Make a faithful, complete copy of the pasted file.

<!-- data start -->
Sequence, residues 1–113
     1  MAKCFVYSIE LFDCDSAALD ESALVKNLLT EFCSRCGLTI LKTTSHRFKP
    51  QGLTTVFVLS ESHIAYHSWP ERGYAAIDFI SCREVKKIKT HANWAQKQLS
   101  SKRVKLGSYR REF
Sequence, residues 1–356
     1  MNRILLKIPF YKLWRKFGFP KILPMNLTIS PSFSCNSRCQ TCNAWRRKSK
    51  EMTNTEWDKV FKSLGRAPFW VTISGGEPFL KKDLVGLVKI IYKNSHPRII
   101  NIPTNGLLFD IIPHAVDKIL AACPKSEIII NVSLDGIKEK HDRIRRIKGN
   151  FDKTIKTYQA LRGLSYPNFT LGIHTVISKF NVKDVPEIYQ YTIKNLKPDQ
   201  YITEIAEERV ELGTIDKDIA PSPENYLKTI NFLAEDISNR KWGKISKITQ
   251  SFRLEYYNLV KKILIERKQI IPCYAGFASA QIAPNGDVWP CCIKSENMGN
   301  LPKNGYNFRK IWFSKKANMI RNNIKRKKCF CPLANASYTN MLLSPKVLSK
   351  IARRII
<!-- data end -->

Sequence, residues 1–113
     1  MAKCFVYSIE LFDCDSAALD ESALVKNLLT EFCSRCGLTI LKTTSHRFKP
    51  QGLTTVFVLS ESHIAYHSWP ERGYAAIDFI SCREVKKIKT HANWAQKQLS
   101  SKRVKLGSYR REF
Sequence, residues 1–356
     1  MNRILLKIPF YKLWRKFGFP KILPMNLTIS PSFSCNSRCQ TCNAWRRKSK
    51  EMTNTEWDKV FKSLGRAPFW VTISGGEPFL KKDLVGLVKI IYKNSHPRII
   101  NIPTNGLLFD IIPHAVDKIL AACPKSEIII NVSLDGIKEK HDRIRRIKGN
   151  FDKTIKTYQA LRGLSYPNFT LGIHTVISKF NVKDVPEIYQ YTIKNLKPDQ
   201  YITEIAEERV ELGTIDKDIA PSPENYLKTI NFLAEDISNR KWGKISKITQ
   251  SFRLEYYNLV KKILIERKQI IPCYAGFASA QIAPNGDVWP CCIKSENMGN
   301  LPKNGYNFRK IWFSKKANMI RNNIKRKKCF CPLANASYTN MLLSPKVLSK
   351  IARRII